Latest Cosmic microwave background radiation Stories
Since the 1990's, dark energy has been the most accepted hypothesis to explain the expansion rate of the Universe. A hypothetical form of energy, dark energy is thought to permeate all of space and accounts for about 73% of the total mass-energy of the universe.
A new study indicates that the birth of the first massive galaxies that lit up the early universe was an explosive event, happening faster and ending sooner than suspected.
Since the prediction of dark matter some 70 years ago, researchers from a myriad of disciplines have been looking for answers to what dark matter could be.
Johns Hopkins University professor Charles L. Bennett and members of the Wilkinson Microwave Anisotropy Probe (WMAP) space mission that he led will receive the Gruber Foundation’s 2012 Cosmology Prize in Beijing, China tomorrow.
Charles L. Bennett and the Wilkinson Microwave Anisotropy Probe (WMAP) team are the recipients of the 2012 Gruber Cosmology Prize.
Theories of the primordial Universe predict the existence of knots in the fabric of space - known as cosmic textures - which could be identified by looking at light from the cosmic microwave background (CMB), the relic radiation left over from the Big Bang.
Innovation promises better biochemical weapons detection and body scanners, and new instruments for studying dark energy & the structure of the universe.
The first observation of a cosmic effect theorized 40 years ago could provide astronomers with a more precise tool for understanding the forces behind the universe's formation and growth, including the enigmatic phenomena of dark energy and dark matter.
ESA’s Planck mission has revealed that our Galaxy contains previously undiscovered islands of cold gas and a mysterious haze of microwaves. These results give scientists new treasure to mine and take them closer to revealing the blueprint of cosmic structure.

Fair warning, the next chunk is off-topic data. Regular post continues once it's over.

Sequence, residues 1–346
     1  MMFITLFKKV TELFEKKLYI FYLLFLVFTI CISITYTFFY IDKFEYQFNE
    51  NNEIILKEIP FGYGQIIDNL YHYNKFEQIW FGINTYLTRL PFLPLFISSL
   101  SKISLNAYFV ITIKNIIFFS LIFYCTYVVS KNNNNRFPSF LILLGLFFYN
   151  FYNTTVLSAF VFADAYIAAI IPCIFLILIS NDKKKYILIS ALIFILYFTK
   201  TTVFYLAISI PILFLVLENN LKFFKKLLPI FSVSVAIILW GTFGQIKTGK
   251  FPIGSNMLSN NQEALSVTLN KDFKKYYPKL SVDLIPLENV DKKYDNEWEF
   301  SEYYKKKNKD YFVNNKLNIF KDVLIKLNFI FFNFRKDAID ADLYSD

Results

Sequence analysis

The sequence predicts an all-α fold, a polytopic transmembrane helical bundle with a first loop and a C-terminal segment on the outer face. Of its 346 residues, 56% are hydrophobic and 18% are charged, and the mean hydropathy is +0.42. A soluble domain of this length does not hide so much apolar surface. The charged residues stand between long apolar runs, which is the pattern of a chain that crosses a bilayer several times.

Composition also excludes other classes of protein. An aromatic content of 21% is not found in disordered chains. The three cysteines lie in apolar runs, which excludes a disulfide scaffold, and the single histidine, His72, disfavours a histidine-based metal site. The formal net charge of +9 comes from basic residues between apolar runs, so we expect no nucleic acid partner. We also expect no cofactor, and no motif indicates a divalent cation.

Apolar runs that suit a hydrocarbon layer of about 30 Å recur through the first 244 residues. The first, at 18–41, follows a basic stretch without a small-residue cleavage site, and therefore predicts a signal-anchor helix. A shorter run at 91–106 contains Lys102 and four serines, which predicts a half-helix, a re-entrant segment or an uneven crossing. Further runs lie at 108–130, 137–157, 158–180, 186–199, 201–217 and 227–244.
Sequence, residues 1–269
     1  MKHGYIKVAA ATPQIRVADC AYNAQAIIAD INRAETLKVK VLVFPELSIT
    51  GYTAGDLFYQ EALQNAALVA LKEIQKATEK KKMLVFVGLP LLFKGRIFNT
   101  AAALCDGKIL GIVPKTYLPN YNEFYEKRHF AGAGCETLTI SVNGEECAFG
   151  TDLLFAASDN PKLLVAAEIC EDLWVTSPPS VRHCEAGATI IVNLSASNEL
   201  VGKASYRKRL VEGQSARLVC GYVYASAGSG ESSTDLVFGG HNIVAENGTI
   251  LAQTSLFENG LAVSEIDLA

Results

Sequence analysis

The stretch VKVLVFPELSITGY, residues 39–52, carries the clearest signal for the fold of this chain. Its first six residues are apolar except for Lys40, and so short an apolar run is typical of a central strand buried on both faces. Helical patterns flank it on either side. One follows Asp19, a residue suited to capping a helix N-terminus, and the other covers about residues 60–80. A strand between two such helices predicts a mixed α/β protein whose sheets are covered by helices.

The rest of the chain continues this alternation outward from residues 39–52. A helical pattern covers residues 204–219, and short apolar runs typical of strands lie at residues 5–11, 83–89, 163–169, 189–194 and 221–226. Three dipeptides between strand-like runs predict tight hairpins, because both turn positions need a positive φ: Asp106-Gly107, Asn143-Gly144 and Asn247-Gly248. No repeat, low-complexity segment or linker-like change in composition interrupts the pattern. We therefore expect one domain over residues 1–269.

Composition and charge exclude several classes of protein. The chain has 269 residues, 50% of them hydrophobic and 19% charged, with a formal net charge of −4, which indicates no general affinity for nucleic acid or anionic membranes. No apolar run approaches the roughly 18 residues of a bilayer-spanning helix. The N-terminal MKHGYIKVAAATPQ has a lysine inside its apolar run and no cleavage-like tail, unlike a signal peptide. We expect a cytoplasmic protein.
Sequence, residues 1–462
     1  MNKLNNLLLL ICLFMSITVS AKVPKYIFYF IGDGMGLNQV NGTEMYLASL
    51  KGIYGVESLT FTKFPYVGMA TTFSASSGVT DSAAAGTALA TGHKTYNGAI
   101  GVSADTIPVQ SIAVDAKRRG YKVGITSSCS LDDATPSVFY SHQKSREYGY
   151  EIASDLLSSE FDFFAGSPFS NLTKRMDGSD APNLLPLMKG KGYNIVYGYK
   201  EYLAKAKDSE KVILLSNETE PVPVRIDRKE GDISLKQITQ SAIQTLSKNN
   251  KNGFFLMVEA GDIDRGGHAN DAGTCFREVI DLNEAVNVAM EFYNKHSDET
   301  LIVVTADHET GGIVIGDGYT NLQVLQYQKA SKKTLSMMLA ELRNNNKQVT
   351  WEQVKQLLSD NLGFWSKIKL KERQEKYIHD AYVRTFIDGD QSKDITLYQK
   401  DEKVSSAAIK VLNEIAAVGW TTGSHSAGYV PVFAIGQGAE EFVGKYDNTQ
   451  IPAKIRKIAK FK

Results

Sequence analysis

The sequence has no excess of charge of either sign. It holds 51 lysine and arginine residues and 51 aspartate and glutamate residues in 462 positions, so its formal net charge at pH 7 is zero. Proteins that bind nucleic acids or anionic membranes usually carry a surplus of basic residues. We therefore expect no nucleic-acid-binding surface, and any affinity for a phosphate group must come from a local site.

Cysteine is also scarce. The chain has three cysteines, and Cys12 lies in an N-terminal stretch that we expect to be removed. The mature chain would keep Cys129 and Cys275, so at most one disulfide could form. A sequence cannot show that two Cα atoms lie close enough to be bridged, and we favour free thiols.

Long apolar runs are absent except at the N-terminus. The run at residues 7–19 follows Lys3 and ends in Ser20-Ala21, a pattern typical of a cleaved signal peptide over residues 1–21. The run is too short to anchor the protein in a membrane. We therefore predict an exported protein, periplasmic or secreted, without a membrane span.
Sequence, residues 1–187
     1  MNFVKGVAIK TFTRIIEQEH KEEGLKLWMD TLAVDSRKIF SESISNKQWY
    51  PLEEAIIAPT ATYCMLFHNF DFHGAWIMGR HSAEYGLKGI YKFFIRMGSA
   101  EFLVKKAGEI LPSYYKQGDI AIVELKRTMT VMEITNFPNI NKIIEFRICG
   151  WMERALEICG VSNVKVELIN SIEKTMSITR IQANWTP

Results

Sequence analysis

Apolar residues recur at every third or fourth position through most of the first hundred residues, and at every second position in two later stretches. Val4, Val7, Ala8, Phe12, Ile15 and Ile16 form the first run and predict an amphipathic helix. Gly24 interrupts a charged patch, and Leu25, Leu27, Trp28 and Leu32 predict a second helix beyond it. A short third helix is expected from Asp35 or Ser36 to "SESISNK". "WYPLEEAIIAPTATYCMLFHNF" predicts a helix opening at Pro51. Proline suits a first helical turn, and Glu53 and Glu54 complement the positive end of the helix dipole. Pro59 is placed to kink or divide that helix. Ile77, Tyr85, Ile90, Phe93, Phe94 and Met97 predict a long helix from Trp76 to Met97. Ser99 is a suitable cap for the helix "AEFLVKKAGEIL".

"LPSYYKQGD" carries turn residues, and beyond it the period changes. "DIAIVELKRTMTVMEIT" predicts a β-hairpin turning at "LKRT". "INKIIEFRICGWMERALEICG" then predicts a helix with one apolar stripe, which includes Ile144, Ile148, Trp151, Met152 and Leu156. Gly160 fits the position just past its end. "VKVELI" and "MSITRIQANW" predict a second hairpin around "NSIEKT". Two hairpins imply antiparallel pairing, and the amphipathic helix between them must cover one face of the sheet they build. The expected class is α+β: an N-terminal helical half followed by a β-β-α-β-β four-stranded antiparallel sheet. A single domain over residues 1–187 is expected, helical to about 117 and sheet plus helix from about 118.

The High Frequency Instrument on ESA's Planck mission has completed its survey of the remnant light from the Big Bang. The sensor ran out of coolant on Saturday as expected, ending its ability to detect this faint energy.
Yakov Borisovich Zel'dovich (March 8, 1914 "“ December 2, 1987) was a productive Soviet physicist. He was instrumental in the advancement of Soviet nuclear and thermonuclear weapons, and also was an invaluable assistance in the fields of adsorption and catalysis, shock waves, nuclear physics, particle physics, astrophysics, physical cosmology, and general relativity. In 1914, he was born into a Jewish family in Minsk, now called Belarus. Four months after his birth, he and his family...
Cosmology -- area of science that aims at a comprehensive theory of the structure and evolution of the entire physical universe. Modern Cosmological Theories Present models of the universe hold two fundamental premises: the cosmological principle and the dominant role of gravitation. Derived by Hubble, the cosmological principle holds that if a large enough sample of galaxies is considered, the universe looks the same from all positions and in all directions in space. The second point...
Cosmic Background Radiation -- The Big Bang theory predicts that the early universe was a very hot place and that as it expands, the gas within it cools. Thus the universe should be filled with radiation that is literally the remnant heat left over from the Big Bang, called the cosmic microwave background radiation, or CMB. When any patch of the sky is observed where no individual sources can be discerned, and the effects of the interplanetary dust, and interstellar matter are taken into...
Wilkinson Microwave Anisotropy Probe (WMAP) -- The Wilkinson Microwave Anisotropy Probe (WMAP) was launched on June 30, 2001 at 3:46 p.m. EDT at Cape Canaveral Air Force Station, Florida, USA. The goal of WMAP was to map out minute differences in the Cosmic Microwave Background (CMB) radiation which would help test theories of the nature of the universe. On February 11, 2003, the public relations group from NASA made a press release regarding the age and composition of the universe....
- In Roman antiquity, the return of a person who had been banished, or taken prisoner by an enemy, to his old condition and former privileges.
- In international law, that right by virtue of which persons and things taken by an enemy in war are restored to their former status when coming again under the power of the nation to which they belonged.